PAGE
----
Welcome back to another edition of YAs That Get it Right, in which pros weigh in on YA books they think nailed an aspect of the human experience. Since May is Mental Health Awareness Month, I asked some of my favorite authors of mental health YA, as well as (and including) authors who are also mental health professionals, to share their favorite mental health YAs that get it right.
Saving Francesca by Melina Marchetta
YA novels about families and mental health are my jam. When it’s done by the amazing Melina Marchetta, it’s a favorite. Saving Francesca is a quiet but powerful novel about the effects of depression on a whole family. Opening with “This morning, my mother didn’t get out of bed,” Marchetta crafts the poignant and genuine story of Francesca as she struggles to understand and help Mia, her mother, who’s battling depression. Marchetta doesn’t romanticize the struggles of mental health—it’s frustrating and it’s difficult to talk about and it’s every day. And ultimately, it’s the little triumphs that really matter. Saving Francesca is a touching and ultimately hopeful look at what it means to both struggle with depression and to love someone struggling.
–Annie Cardi, author of The Chance You Won’t Return
Every Exquisite Thing, by Matthew Quick
Matthew Quick’s novels (both YA and adult) always deftly investigate the complex ways mental health affects personal relationships, and his new YA is no different. His latest manages to scrutinize the stress and anxiety of Nannette O’Hare’s battle against conformity by taking on two of the key experiences of many high schooler’s lives (sports participation and prom). As with anyone trying to manage their mental health, Nannette makes choices that bring about serious consequences; but what Quick succeeds in showing is that for many of us, we have to make bold, life-altering moves to survive in the long run.
–Evan James Roskos, author of Dr. Bird’s Advice for Sad Poets
How to Be Brave, by E. Katherine Kottaras
I wish I’d had E. Katherine Kottaras’s debut, How to Be Brave, as a teen. This novel so realistically captured what it’s like to lose a parent to illness at a young age that I found myself nodding along with a lot of the things Georgia said. Throughout the story, Georgia struggles through her grief and her changed family while trying to live up to a promise she made to her dying mother to “be brave.” This book is such a great portrayal of bereavement and the grieving process—I loved it. Other YAs I’d recommend include Leah Scheier’s Your Voice is All I Hear for a great portrayal of schizophrenia and hospitalization, Cole Gibsen’s Life Unaware for a character who takes medication for panic attacks, and Paula Stokes’ Girl Against the Universe for a great depiction of therapy.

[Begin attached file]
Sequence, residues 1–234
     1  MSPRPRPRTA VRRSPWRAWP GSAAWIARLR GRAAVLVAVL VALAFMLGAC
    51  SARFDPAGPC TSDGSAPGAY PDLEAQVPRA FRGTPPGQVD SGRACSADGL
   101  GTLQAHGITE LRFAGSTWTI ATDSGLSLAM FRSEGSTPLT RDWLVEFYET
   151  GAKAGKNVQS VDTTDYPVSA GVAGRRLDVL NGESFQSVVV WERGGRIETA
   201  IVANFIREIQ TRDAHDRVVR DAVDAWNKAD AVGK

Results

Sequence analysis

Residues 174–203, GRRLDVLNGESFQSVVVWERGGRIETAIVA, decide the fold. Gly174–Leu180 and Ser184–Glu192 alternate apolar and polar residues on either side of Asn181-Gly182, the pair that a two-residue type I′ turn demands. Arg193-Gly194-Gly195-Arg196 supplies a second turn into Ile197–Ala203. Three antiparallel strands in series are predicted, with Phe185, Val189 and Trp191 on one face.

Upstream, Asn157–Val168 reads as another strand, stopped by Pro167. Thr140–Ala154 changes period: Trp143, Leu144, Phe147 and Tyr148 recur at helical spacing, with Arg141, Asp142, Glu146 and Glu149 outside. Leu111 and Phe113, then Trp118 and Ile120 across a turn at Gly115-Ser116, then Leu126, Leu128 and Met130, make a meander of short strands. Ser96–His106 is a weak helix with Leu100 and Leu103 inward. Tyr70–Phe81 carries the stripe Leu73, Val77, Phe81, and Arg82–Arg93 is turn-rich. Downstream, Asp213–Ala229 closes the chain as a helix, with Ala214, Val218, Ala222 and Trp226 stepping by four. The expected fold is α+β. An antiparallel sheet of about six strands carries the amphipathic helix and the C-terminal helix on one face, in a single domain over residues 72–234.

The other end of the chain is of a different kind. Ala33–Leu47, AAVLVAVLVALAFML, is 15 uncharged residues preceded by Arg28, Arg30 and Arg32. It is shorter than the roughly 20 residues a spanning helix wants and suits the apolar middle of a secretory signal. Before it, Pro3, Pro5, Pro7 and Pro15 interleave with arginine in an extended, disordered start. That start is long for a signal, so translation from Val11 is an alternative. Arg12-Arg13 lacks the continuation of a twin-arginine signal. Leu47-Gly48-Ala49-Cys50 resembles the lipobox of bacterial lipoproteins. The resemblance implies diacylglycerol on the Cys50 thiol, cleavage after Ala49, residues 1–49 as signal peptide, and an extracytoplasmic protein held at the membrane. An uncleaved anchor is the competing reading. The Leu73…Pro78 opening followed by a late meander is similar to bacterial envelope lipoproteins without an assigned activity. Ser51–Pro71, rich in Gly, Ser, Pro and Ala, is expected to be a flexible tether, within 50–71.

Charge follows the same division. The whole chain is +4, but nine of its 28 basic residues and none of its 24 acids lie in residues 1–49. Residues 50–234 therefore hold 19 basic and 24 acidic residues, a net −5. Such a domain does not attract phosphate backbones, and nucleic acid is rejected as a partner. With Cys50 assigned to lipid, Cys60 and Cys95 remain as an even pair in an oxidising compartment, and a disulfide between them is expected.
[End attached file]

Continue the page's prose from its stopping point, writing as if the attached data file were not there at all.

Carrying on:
–Meredith Tate, Licensed Social Worker and author of Missing Pieces
The Marbury Lens, by Andrew Smith
Despite my clinical background, the representations of mental health in YA literature that resonate with me the most are ones that are the least clinically presented. They don’t focus on symptoms or diagnoses or treatment plans. Their goal isn’t to educate or give answers. The stories I connect with, that feel authentic to my own adolescent struggles with mental health, are the ones that are messy and nonspecific. They’re unique and individual. They don’t explore disorders, but rather a single teen’s qualitative, lived experience of what it’s like to have perceptions or thoughts or feelings that are frightening, distressing, or unexplained. Four books that I highly recommend are The Marbury Lens by Andrew Smith, Pointe by Brandy Colbert, The First Time She Drowned by Kerry Kletter, and Last Night I Sang to the Monster by Benjamin Alire Sáenz.
–Stephanie Kuehn, Psy.D. and author of The Smaller Evil
Second Position, by Katherine Locke